[Front Page] [Features] [Departments] [SGAP Home Page] [Subscribe]

Australian Plants online

Garden Spaces and Styles

(How to Use Them to Achieve an Overall Design)

Leon Horsnell

Space can be defined as the distance between two objects. In a garden it is often related to our eye level, it can be simply the distance between ourselves and the back fence or the nearest screening shrub. Therefore space in our gardens is often the distance between fences and the house, between garden walls and houses, across the lawn etc. Our spaces in the garden will be defined by what we grow in them or to make them. The size, arrangement and what we use to define our spaces will set how our gardens will feel and look. We need to ask ourselves what spaces we need in the garden, eg. do we need room for the children to kick footballs or to throw basketballs! Do we need sitting areas, shrub areas, woodland, tall shrub, lawns etc?

Types of Garden Spaces

1. Practical Spaces
  • Working areas; eg. areas for compost bins, rubbish
  • Clothes lines
  • Sitting and relaxing areas
  • Car spaces
  • Playing areas
2. Intimate Spaces

Smaller spaces where people can meet to talk, work, relax, have coffee etc. These spaces consist of paving protected by vegetation, often screening shrubs and trees. These areas need shade to give protection against the sun.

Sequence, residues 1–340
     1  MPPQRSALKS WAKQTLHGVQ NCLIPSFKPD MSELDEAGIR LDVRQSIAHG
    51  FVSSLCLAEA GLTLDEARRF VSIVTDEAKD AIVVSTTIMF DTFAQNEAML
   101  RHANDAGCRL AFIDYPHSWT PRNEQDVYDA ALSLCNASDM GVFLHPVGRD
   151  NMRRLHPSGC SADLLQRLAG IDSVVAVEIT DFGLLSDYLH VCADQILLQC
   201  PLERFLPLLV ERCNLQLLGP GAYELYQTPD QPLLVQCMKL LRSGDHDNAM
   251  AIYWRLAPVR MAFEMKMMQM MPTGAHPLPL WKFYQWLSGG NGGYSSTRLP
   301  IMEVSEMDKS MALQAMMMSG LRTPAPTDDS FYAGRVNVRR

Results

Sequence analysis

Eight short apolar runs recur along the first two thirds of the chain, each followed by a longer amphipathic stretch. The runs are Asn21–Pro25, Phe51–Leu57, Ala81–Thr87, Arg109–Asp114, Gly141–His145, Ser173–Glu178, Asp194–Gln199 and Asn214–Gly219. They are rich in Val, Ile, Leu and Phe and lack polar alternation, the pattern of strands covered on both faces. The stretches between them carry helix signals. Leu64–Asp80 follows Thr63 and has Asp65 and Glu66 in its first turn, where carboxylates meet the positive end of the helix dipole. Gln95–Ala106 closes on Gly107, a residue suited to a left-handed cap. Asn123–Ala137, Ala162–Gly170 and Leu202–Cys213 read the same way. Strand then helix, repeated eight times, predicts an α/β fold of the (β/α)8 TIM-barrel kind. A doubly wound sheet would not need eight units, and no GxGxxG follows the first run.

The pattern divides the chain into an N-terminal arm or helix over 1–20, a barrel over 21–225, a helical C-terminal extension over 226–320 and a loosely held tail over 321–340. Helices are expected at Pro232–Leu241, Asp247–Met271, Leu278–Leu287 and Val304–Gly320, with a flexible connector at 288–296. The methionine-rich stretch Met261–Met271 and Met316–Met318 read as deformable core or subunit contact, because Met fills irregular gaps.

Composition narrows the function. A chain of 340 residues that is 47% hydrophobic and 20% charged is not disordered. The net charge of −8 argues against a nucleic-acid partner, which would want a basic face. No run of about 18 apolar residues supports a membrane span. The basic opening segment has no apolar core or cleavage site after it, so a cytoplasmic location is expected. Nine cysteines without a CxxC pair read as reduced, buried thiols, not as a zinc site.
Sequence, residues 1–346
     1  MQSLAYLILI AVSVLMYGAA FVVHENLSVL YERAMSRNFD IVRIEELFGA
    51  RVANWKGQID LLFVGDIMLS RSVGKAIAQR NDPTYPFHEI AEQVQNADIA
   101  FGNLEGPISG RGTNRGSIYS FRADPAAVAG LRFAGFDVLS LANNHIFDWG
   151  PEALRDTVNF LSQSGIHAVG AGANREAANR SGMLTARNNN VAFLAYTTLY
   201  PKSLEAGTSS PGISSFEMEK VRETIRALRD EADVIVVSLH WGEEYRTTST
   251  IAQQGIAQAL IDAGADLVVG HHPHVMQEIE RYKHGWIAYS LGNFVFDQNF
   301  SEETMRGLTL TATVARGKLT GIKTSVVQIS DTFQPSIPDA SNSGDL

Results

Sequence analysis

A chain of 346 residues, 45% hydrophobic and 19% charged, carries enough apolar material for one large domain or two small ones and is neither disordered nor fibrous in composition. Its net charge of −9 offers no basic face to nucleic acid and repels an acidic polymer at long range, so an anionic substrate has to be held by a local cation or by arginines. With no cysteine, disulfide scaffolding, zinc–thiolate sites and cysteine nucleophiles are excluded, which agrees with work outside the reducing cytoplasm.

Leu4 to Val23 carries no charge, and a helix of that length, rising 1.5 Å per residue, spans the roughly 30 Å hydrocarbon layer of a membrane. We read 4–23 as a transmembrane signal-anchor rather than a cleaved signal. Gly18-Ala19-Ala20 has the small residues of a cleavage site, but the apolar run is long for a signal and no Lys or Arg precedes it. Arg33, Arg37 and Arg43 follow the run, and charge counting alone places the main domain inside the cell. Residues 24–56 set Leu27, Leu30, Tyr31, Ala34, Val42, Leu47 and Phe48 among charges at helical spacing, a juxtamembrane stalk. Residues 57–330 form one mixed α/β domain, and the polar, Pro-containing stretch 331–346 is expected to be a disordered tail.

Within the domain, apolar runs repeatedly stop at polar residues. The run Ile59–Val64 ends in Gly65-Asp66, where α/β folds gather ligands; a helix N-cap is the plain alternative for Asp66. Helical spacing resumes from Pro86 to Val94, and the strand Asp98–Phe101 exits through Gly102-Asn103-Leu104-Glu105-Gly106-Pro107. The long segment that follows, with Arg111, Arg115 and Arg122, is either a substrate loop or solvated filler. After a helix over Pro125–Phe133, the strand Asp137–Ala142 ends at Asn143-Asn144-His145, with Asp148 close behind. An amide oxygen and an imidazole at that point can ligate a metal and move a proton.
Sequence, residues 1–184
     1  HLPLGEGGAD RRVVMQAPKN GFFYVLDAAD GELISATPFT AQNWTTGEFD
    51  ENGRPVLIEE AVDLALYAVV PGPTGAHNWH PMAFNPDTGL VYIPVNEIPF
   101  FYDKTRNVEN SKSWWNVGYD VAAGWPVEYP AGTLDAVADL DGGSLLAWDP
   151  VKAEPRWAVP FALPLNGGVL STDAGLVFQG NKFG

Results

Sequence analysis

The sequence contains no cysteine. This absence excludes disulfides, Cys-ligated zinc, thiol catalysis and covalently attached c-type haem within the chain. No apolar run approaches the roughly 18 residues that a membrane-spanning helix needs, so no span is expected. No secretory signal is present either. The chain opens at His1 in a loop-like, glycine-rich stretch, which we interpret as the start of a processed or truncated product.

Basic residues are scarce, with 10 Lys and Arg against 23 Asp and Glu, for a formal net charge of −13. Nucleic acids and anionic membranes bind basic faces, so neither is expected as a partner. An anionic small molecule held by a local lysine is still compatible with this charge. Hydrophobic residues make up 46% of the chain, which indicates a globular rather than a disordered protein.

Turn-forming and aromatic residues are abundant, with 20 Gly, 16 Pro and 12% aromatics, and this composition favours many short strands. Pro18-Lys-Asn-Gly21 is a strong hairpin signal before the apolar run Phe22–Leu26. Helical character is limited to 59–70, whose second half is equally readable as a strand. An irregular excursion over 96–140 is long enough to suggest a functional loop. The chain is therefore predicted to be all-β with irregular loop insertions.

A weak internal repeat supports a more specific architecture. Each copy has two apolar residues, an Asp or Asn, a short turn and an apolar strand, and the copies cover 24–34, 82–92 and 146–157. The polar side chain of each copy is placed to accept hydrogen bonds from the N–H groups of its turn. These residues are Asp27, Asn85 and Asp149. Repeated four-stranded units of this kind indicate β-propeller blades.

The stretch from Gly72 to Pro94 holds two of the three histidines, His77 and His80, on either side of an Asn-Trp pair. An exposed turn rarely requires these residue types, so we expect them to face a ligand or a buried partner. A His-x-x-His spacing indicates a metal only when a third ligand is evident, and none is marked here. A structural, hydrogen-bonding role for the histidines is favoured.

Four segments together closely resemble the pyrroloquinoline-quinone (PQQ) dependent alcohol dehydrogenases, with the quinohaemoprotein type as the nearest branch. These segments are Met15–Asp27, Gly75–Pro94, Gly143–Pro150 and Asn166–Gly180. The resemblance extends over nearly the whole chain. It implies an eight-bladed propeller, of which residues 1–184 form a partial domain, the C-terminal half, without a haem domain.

3. Wide Open Spaces

Where one can feel expansive. Screening vegetation is traditionally at a distance with a lawn in the middle. This results in an expansive feel to the garden. However, the same effect can be achieved without lawns by using appropriately sized shrubs. These open spaces sometimes are called vistas where the long views lead to a feature eg. pool, statue, or a special plant.

4. Combination of Intimate and Wide Open Spaces

We can combine these two effects in order to achieve intimate spaces with also a wide open feel on one side.

5. Overhead Spaces

Mostly created by using trees but also by pergolas etc. These are very important for shade but also to give a garden a three dimensional feel. They help to make a space more intimate by enclosing an area and can be combined into intimate spaces and also wide open spaces.

How Do You Achieve These Garden Spaces?